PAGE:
A new YouGov survey commissioned by countryside charity CPRE found only two in five young people living in rural areas anticipate staying there over the next five years.
A lack of affordable housing was cited as the biggest concern by eight in 10 of those planning to leave.
Separate analysis by CPRE has found the demand for social housing was growing nearly six times faster than the rate of supply in rural areas. At current rates, the backlog of low-income families needing accommodation would take 121 years to clear.
Figures show 8,898 households were added to social housing waiting lists in 88 rural local authority areas between 2019/20, with 1,453 social homes delivered. More than 176,000 rural families were on waiting lists – an increase of almost 10,000 on 2019.
Crispin Truman, chief executive of CPRE, said: “A thriving countryside depends on young people being able to study, work and start families in rural areas. But the sad reality is that the majority of young people born and raised in the countryside feel they can no longer afford to live there – despite the overwhelming majority saying they would like to.
“A fraction of the young people we heard from feel they are listened to by decision makers. This is troubling, for their concerns came through loud and clear.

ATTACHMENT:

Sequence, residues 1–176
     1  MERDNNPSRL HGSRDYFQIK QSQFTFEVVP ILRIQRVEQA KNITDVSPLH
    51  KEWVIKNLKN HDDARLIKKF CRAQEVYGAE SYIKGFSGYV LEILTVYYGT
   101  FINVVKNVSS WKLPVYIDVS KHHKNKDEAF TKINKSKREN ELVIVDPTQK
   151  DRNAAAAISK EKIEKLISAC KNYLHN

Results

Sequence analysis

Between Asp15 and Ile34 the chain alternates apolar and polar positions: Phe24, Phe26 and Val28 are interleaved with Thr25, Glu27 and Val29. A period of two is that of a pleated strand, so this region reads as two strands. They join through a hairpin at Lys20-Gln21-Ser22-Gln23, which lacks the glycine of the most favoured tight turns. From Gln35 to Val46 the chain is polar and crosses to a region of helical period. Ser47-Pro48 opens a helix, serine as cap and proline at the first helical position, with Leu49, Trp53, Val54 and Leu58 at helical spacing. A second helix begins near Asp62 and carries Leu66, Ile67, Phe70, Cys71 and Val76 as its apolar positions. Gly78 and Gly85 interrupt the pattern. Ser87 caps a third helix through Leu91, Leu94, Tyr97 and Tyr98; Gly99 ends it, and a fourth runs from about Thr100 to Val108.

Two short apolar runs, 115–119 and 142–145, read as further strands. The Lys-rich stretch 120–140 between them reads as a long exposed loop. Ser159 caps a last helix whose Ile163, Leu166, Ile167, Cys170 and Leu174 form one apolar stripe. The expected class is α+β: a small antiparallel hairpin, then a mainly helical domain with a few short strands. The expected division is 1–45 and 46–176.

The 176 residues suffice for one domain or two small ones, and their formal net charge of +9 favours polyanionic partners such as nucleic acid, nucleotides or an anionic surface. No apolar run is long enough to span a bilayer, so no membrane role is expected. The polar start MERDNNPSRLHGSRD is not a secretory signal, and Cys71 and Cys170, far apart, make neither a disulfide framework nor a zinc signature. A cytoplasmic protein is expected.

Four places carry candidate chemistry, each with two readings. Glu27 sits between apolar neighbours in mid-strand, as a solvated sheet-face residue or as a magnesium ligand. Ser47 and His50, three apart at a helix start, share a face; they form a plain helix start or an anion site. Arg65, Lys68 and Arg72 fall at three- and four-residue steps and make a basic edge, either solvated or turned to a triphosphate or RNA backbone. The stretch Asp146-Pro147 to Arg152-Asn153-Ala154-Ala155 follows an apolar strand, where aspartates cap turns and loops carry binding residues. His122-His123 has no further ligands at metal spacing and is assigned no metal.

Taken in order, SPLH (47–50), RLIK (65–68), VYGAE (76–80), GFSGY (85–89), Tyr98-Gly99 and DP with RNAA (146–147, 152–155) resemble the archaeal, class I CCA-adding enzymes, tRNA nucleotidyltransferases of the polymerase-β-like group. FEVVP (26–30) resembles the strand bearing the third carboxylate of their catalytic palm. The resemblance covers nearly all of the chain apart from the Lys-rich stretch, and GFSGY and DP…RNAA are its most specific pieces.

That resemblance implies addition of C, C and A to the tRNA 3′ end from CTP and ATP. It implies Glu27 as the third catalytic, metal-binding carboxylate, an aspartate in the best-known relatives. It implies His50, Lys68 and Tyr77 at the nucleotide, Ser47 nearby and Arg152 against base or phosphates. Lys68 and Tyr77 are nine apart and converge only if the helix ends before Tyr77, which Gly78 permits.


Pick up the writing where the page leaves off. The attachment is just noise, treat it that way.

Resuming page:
“Second only to unaffordable housing, young people in the countryside said isolation and loneliness was their biggest concern.
“The shameful inequities of rural life mean young people growing up today struggle simply to meet up with their friends – in person or online – because public transport and broadband in the countryside has been treated as an afterthought for too long.
“To really level up the countryside the government must, at a bare minimum, guarantee hourly flat fare bus services running from morning to midnight, seven days a week, for our rural towns and villages.
“We must ensure that everyone has access to reliable, affordable and convenient public transport. In the forthcoming Spending Review, we’re calling on the government to allocate £12.8 billion a year to tackle the housing crisis, with a fair proportion allocated to rural areas to deliver genuinely affordable and well-designed homes for rural communities."
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